Japan pushing on with military reform despite fiery suicide bid

Police officers and fire-fighters investigate the site where a man set himself on fire at a pedestrian walkway near Shinjuku station in Tokyo, in this photo taken by Kyodo on June 29, 2014. -- PHOTO: REUTERS / KYODO
Police officers and fire-fighters investigate the site where a man set himself on fire at a pedestrian walkway near Shinjuku station in Tokyo, in this photo taken by Kyodo on June 29, 2014. -- PHOTO: REUTERS / KYODO

TOKYO (AFP) - Japan's government will press ahead with divisive plans to loosen restrictions on its military, a top government spokesman said on Monday, despite widespread public anger that erupted into a fiery suicide bid by a middle-aged protestor.

Hundreds of people in the busy Tokyo district of Shinjuku watched on Sunday afternoon as a man in a suit set himself ablaze on top of a footbridge, after making a speech opposing moves to let Japan's well-equipped military fight on behalf of allies.

The dramatic conflagration - a highly unusual act in Japan - was widely discussed on social media in both English and Japanese, with numerous videos and photographs posted by onlookers. Many Internet users made the connection between the self-immolation and a groundswell of opposition to Prime Minister Shinzo Abe's push to relax constitutional rules preventing Japan's armed forces from going into battle.

However, the issue received scant coverage in the mainstream media, with none of the national newspapers using a picture in their short reports. National broadcaster NHK, whose chairman caused outrage earlier this year by suggesting that the state-funded body should not contradict the prime minister, did not cover the self-immolation on the day. At least two private broadcasters did, using footage that had been posted on YouTube.

The government's chief spokesman Yoshihide Suga on Monday refused to comment on the suicide attempt, which he said was a police matter, but confirmed that the cabinet would push ahead on Tuesday with plans to change the interpretation of part of the pacifist constitution.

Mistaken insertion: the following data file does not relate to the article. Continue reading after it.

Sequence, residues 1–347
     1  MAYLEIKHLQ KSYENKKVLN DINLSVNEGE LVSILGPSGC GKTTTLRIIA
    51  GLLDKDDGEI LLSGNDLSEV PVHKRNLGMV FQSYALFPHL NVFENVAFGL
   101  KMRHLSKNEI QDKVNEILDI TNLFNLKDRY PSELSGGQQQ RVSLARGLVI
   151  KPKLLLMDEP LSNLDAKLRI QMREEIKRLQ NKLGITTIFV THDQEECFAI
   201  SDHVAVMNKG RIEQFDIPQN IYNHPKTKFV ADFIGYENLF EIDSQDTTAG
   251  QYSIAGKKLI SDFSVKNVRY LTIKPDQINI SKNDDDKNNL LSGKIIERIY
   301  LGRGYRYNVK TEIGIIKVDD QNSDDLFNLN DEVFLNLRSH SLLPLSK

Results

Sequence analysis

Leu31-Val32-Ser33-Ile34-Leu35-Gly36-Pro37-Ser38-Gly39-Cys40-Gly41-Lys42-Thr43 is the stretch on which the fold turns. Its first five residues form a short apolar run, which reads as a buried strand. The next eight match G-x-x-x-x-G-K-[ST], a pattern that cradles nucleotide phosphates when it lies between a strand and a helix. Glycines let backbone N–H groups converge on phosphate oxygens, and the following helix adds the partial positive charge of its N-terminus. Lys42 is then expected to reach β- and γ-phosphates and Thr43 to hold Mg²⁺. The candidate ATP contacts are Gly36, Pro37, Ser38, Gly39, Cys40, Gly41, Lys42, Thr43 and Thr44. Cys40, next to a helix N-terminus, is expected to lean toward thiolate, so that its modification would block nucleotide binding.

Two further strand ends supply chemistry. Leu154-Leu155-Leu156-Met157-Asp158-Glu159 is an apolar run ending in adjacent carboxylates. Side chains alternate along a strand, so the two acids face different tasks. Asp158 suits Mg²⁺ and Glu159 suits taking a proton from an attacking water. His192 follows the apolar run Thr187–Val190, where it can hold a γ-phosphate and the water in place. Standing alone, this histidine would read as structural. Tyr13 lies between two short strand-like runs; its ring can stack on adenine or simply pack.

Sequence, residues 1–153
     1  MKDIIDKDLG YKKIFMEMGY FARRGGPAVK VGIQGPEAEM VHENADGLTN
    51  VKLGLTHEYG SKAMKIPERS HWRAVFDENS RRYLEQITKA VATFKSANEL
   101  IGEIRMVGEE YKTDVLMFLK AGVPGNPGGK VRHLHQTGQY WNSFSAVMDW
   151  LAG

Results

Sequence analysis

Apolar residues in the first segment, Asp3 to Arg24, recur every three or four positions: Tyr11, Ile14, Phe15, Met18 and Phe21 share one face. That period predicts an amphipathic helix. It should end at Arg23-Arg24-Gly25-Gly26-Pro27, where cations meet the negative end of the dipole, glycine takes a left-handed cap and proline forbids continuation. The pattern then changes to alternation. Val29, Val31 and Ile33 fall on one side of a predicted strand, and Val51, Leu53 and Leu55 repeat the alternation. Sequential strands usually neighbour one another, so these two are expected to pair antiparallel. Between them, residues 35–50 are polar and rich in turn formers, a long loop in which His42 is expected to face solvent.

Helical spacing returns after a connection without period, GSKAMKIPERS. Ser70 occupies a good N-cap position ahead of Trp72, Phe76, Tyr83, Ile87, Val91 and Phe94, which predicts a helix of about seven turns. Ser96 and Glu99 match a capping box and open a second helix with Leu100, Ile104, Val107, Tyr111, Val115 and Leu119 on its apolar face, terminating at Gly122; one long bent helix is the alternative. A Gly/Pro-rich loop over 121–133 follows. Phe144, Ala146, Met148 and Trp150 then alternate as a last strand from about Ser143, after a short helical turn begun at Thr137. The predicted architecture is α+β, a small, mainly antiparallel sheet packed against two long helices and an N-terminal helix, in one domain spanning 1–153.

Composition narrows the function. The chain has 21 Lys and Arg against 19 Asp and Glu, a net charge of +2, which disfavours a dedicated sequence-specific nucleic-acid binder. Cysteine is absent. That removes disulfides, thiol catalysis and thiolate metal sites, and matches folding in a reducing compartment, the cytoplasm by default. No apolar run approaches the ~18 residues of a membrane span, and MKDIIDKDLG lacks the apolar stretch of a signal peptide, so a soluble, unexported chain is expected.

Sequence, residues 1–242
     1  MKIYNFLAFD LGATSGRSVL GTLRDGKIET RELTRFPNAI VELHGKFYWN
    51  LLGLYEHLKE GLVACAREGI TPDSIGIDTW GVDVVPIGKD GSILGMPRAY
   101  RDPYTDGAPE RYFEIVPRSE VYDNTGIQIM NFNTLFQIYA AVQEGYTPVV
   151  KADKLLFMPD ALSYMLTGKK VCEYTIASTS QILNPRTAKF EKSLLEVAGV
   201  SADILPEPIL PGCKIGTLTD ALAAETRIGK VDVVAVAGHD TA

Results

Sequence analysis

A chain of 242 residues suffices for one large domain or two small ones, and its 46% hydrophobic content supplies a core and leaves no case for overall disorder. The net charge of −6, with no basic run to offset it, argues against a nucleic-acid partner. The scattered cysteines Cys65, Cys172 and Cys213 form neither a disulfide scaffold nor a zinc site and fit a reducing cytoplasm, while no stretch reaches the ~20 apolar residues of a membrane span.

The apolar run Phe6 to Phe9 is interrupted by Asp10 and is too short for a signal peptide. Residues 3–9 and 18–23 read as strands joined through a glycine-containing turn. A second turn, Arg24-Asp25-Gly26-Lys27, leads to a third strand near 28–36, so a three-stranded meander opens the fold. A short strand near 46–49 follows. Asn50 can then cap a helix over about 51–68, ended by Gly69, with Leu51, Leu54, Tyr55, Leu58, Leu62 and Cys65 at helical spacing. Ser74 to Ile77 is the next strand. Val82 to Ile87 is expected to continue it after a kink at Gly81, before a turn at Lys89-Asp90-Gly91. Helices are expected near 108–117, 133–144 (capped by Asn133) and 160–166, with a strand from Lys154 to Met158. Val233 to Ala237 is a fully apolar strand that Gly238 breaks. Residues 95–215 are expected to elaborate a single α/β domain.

Under the current reading, Japan's large and well-trained military is barred from taking any action, except in very-narrowly defined circumstances in which the country is under attack.

"We are in the final stage of the coordination between the ruling parties," Mr Suga told reporters. "Once the consensus is made between the ruling parties, we will have it approved by the cabinet tomorrow."

Protest suicides

The plans by the conservative premier to increase his country's military options are supported by the United States, Tokyo's chief ally, but are highly controversial at home, where voters are deeply wedded to the pacifism Japan adopted after World War II.

The latest polls show at least half of respondents are against a more aggressive military stance. The liberal daily Mainichi said at the weekend that 58 per cent of voters are opposed, while 80 per cent feel the government has more explaining to do. In its poll published on Monday, the Nikkei business daily said 50 per cent of respondents are against the change.

But Mr Suga defended the plan, saying: "The government should protect people's lives and property as well as the country's safety...and if there is a defect in the current legal framework, we will address it."

In response to a question from AFP, Mr Suga told the press conference that the administration was "aware of the incident" on Sunday but was "not in a position to comment on an individual case".

Tokyo police said on Monday that nothing was known of the man's condition nearly 24 hours after he was rushed to hospital with severe burns.

Popular protest in Japan has tended over recent decades to be muted, and protest suicides are very rare, with only a handful taking place in living memory. In 1970, right-wing novelist Yukio Mishima disemboweled himself after a failed attempted coup, in protest against what he saw as an overly-meek state.

In 1967, a 73-year-old man set himself alight in front of the prime minister's official residence over the then-premier's support for US bombing of North Vietnam.